May 29, 2024 - Politics & Policy

Asian Americans back teaching about slavery, oppose race in college admissions

Bayside High School Asian American seniors walk to their seats for their graduation ceremony

Bayside High School seniors walk to their seats for their graduation ceremony held on the St John's University campus in the Queens borough of New York. Photo: Robert Nickelsberg/Getty Images

Asian Americans overwhelmingly support teaching historical topics like slavery, racism, and segregation in public schools but strongly oppose colleges using race and ethnicity in admissions, according to a new survey.

Why it matters: This data is a rare look at the nuances Asian Americans have around race and education four years after the pandemic, when the nation saw surges in anti-Asian hate and a racial awakening sparked by the murder of George Floyd.

The big picture: The broad survey of AAPI residents about education came right before pro-Palestinian protests struck college campuses and after previous studies showed Asian Americans are still worried about hate crimes.

By the numbers: 7 out of 10 of those in this most recent survey support teaching of slavery, racism, and segregation in K-12 public schools, a new AAPI Data/AP-NORC survey reveals.

  • Another survey shows that 9 out of 10 U.S. parents of K-12 students, regardless of what race they are, think slavery should be taught.
  • There's less agreement among Asian Americans when it comes to teaching about sex and sexuality, although more than half (53%) are in favor and 19% opposed, the survey found

Yes, but: Just 18% of Asian American adults think universities should consider race and ethnicity in admissions.

Zoom in: Few support school boards influencing what is taught in K-12 classrooms.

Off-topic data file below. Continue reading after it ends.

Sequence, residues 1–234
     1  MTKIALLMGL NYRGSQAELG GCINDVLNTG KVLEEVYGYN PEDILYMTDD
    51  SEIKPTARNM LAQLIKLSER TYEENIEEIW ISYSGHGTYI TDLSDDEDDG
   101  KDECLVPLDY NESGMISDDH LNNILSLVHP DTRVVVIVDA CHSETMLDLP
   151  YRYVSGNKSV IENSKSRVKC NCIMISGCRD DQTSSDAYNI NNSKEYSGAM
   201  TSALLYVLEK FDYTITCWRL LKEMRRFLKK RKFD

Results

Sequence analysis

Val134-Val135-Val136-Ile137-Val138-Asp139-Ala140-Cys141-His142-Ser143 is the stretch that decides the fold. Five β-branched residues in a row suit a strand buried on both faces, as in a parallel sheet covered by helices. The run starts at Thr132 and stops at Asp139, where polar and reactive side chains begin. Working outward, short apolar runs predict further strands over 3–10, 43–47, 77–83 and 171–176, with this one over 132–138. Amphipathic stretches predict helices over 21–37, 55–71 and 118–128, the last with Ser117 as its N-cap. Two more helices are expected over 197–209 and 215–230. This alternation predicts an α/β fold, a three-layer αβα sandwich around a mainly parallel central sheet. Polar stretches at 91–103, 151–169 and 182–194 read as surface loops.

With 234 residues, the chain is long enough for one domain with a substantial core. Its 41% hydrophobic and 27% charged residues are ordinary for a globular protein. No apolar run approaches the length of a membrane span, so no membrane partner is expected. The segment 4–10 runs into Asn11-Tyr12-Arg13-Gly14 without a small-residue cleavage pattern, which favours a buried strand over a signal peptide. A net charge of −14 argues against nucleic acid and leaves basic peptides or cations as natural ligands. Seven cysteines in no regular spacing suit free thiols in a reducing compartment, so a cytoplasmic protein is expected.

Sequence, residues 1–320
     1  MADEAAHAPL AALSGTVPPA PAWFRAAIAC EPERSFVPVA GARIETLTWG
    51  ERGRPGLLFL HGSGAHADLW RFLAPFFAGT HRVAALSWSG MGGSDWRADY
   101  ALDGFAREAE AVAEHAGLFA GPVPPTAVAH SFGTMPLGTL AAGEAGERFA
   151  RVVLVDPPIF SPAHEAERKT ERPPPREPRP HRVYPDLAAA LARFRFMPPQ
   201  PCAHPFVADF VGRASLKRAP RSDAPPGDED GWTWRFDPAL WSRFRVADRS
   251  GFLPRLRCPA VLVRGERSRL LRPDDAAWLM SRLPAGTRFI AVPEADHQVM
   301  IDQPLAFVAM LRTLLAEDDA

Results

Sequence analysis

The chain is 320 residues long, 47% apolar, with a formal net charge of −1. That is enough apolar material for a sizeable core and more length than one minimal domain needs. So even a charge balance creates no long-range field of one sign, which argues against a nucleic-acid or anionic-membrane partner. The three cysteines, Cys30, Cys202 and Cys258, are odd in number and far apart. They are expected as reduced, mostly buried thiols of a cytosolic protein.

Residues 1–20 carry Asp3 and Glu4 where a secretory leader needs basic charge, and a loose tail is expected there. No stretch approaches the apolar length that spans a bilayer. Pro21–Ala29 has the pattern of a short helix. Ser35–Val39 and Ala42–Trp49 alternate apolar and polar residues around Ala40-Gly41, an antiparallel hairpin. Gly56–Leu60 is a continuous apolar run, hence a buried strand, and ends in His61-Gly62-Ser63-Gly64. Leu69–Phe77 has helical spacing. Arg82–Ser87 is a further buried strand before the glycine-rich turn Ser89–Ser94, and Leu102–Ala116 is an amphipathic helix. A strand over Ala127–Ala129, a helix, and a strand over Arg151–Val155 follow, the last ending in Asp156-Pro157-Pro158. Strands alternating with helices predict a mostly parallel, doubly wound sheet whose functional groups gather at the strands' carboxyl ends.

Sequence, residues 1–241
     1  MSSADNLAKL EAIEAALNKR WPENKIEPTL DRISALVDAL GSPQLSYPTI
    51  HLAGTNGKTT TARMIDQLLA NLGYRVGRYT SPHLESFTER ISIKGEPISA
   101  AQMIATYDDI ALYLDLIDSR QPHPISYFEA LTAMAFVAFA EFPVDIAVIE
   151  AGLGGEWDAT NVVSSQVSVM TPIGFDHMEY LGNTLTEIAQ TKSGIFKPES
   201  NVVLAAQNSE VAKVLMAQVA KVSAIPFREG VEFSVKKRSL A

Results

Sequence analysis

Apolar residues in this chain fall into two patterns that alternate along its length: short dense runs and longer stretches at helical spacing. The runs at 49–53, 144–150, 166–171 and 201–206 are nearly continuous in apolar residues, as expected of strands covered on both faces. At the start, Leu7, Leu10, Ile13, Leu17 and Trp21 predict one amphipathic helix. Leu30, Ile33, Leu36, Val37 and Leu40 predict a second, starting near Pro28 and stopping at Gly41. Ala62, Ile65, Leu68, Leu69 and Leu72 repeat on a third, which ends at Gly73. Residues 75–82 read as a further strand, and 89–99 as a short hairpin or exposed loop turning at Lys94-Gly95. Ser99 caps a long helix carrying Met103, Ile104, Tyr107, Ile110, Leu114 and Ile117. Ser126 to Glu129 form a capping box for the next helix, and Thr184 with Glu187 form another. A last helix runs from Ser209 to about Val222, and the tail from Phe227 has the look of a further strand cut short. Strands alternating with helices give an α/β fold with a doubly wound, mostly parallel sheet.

• Fifty-six percent of AAPI adults oppose individual school boards restricting what teachers and students discuss — with just 17% approving of such influence.

Between the lines: An Axios review of federal data on the 70th anniversary of the Supreme Court's Brown vs. Board of Education ruling that banned separating schoolchildren by race found that America's public schools are becoming more separate and unequal.

  • The typical Asian American student, however, attended a school with a larger proportion of another race: 34.3% white and 25.1% Asian American on average — one of the nation's most racially integrated student populations.
  • That's unlike white, Black or Latino students who typically attend segregated schools.

Methodology: The survey was conducted from April 8 to 17, 2024, by The AP-NORC Center for Public Affairs Research and AAPI Data, using the Amplify AAPI Monthly survey drawing from NORC's Amplify AAPI® Panel designed to be representative of the U.S. Asian American, Native Hawaiian, and Pacific Islander household population.

  • Online and telephone interviews were offered in English, the Chinese dialects of Mandarin and Cantonese, Vietnamese, and Korean with 1,068 Asian American, Native Hawaiian, and Pacific Islanders aged 18 and older living in the United States.
  • The margin of sampling error is +/-4.7 percentage points at the 95% confidence level, for results based on the entire sample.
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